No preview · Article · Nov 2015 · AJP Gastrointestinal and Liver Physiology
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    ABSTRACT: Background & Aims Farnesoid X receptor (FXR, NR1H4) is a ligand-activated transcription factor, belonging to the nuclear receptor superfamily. FXR is highly expressed in the liver and is essential in regulating bile acid homeostasis. FXR deficiency is implicated in numerous liver diseases and mice with modulation of FXR have been used as animal models to study liver physiology and pathology. We have reported genome-wide binding of FXR in mice by chromatin immunoprecipitation - deep sequencing (ChIP-seq), with results indicating that FXR may be involved in regulating diverse pathways in liver. However, limited information exists for the functions of human FXR and the suitability of using murine models to study human FXR functions. Methods In the current study, we performed ChIP-seq in primary human hepatocytes (PHHs) treated with a synthetic FXR agonist, GW4064 or DMSO control. In parallel, RNA deep sequencing (RNA-seq) and RNA microarray were performed for GW4064 or control treated PHHs and wild type mouse livers, respectively. Results ChIP-seq showed similar profiles of genome-wide FXR binding in humans and mice in terms of motif analysis and pathway prediction. However, RNA-seq and microarray showed more different transcriptome profiles between PHHs and mouse livers upon GW4064 treatment. Conclusions In summary, we have established genome-wide human FXR binding and transcriptome profiles. These results will aid in determining the human FXR functions, as well as judging to what level the mouse models could be used to study human FXR functions.
    Full-text · Article · Sep 2014 · PLoS ONE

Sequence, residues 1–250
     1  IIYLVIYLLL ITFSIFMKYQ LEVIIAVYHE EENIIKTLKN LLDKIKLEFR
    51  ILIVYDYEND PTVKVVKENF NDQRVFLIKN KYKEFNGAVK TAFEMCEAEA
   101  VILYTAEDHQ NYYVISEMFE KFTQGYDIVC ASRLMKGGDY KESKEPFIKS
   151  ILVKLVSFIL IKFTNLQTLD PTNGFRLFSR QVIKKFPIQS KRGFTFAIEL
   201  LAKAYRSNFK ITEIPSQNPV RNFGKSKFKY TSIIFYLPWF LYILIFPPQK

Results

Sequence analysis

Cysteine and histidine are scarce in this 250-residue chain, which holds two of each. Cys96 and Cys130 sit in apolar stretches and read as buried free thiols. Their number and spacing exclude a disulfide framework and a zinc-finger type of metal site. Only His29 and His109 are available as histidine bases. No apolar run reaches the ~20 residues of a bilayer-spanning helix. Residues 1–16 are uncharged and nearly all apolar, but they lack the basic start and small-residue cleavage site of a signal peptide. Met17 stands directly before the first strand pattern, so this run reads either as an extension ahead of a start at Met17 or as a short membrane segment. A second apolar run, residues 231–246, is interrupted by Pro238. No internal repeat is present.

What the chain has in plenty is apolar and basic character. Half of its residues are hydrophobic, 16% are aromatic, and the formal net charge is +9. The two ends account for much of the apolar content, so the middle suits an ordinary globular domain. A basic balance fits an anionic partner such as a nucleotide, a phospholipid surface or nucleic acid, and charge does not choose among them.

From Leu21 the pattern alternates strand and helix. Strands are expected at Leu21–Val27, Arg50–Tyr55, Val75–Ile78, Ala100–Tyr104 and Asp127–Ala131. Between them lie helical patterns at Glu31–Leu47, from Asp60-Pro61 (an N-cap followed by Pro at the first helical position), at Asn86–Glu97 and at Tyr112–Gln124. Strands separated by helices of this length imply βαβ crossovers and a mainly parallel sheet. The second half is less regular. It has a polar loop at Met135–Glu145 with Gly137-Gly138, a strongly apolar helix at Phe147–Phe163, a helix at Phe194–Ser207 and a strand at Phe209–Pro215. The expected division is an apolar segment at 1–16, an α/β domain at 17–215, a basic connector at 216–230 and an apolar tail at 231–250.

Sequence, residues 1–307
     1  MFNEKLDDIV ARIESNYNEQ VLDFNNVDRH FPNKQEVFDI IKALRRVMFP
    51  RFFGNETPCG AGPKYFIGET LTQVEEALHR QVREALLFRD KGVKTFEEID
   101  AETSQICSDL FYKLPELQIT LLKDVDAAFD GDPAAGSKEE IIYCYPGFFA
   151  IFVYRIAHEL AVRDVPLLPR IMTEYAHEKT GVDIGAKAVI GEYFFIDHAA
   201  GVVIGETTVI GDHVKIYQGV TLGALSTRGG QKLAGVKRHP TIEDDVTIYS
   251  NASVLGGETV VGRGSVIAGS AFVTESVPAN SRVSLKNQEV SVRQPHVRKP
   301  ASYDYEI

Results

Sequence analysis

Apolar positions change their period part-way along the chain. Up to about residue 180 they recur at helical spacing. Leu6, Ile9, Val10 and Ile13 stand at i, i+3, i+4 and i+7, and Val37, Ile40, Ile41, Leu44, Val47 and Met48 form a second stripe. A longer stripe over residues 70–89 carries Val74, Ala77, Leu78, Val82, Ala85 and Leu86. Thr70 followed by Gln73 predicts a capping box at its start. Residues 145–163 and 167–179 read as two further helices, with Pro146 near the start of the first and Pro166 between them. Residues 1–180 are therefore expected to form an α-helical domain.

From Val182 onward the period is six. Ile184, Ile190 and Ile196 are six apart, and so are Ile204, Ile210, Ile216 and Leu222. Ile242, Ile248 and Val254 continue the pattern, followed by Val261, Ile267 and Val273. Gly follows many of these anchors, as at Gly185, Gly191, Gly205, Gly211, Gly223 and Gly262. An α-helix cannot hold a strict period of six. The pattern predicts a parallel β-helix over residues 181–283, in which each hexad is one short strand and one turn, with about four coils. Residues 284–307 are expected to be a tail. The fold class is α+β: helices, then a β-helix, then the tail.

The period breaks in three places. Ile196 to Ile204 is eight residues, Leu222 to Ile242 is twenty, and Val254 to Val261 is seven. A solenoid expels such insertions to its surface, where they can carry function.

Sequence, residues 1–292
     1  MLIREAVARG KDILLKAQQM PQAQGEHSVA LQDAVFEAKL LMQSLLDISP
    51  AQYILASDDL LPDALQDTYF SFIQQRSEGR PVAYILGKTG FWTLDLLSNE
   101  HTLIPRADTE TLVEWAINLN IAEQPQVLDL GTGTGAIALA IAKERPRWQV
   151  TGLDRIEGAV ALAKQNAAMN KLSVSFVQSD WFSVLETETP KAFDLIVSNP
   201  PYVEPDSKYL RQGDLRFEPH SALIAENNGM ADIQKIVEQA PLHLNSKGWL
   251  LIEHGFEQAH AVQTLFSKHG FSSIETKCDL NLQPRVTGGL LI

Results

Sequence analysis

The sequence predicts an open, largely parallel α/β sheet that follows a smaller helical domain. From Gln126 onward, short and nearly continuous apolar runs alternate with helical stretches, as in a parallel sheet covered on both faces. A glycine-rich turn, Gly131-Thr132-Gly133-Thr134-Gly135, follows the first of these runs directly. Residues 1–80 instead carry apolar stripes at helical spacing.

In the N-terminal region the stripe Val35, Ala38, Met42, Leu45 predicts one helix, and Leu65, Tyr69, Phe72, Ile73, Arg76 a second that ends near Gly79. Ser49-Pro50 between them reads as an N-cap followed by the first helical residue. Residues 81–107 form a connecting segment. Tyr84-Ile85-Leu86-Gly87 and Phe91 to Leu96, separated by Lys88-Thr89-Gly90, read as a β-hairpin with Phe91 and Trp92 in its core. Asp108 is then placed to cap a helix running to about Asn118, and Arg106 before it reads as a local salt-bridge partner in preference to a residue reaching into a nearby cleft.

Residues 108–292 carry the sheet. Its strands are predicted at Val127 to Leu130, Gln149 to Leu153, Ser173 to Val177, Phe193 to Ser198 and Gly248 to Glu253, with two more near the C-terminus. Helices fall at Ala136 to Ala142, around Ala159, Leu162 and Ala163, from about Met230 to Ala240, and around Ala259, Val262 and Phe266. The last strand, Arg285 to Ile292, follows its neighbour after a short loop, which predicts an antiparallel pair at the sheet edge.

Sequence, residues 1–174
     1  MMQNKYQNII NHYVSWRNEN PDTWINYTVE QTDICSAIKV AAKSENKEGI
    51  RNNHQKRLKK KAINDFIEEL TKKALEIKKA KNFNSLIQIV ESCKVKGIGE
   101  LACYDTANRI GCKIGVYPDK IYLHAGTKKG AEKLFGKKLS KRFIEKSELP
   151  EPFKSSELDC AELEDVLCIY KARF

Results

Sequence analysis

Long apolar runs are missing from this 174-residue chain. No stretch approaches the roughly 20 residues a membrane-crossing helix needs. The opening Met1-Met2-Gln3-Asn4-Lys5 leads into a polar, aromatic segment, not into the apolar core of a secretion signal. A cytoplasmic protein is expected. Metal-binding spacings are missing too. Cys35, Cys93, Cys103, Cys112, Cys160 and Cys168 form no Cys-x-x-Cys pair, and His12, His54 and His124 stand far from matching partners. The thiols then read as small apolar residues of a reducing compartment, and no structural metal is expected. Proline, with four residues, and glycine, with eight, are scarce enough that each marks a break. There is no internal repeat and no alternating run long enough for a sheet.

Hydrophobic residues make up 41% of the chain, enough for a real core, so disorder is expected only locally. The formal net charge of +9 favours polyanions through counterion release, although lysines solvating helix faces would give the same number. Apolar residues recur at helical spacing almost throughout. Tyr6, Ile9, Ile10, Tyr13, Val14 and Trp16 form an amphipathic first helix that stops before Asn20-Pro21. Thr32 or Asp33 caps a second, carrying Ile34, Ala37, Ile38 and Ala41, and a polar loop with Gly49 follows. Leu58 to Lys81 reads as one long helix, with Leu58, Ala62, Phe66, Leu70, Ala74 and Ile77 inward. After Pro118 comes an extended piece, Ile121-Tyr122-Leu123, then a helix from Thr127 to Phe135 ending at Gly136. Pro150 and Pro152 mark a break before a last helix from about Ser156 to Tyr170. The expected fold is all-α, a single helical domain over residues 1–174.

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    ABSTRACT: Unlabelled: E2F transcription factor 1 (E2F1) is an important regulator of metabolic diseases; however, its role in liver function remains elusive. This study unraveled a regulatory cascade involving E2F1, early growth response-1 (Egr-1), nuclear receptor small heterodimer partner (SHP, NR0B2), and EIA-like inhibitor of differentiation 1 (EID1) in cholestatic liver fibrosis. Liver E2F1 messenger RNA (mRNA) and protein expression was strongly up-regulated in human nonalcoholic steatohepatitis (NASH) and alcohol cirrhosis; the latter was inversely correlated with diminished SHP expression. E2F1 was also highly induced by 3,5-diethoxycarbonyl-1, 4-dihydrocollidine (DDC) feeding and bile-duct ligation (BDL) in mice. E2F1-/- mice exhibited reduced biliary fibrosis by DDC as determined by Masson Trichrome and Picro Sirius red staining, and decreased serum bile acid (BA), BA pool size, and fecal BA excretion. In addition, cholestatic liver fibrosis induced by BDL, as determined by immunohistochemistry analysis of a1 collagen expression, was increased in SHP-/- mice but attenuated in hepatocyte SHP-overexpressed transgenic (STG) mice. Egr-1 exhibited marked induction in livers of SHP-/- mice compared to the wild-type mice in both sham and BDL groups, and reduction in STG livers. Egr-1 promoter was activated by E2F1, and the activation was abrogated by expression of SHP and its co-repressor EID1 in hepatoma cells Huh7, Hepa1, and stellate cells LX2. Chromatin immunoprecipitation assays further confirmed the association of E2F1, SHP, and EID1 proteins with the Egr-1 promoter, and their direct protein interactions were determined by glutathione S-transferase pull-down assays. Interestingly, E2F1 activated Egr-1 expression in a biphasic fashion as described in both human and mouse hepatocytes. Conclusion: E2F1 is a fibrogenic gene and could serve as a potential new diagnostic marker for nonalcoholic and alcoholic liver fibrosis/cirrhosis.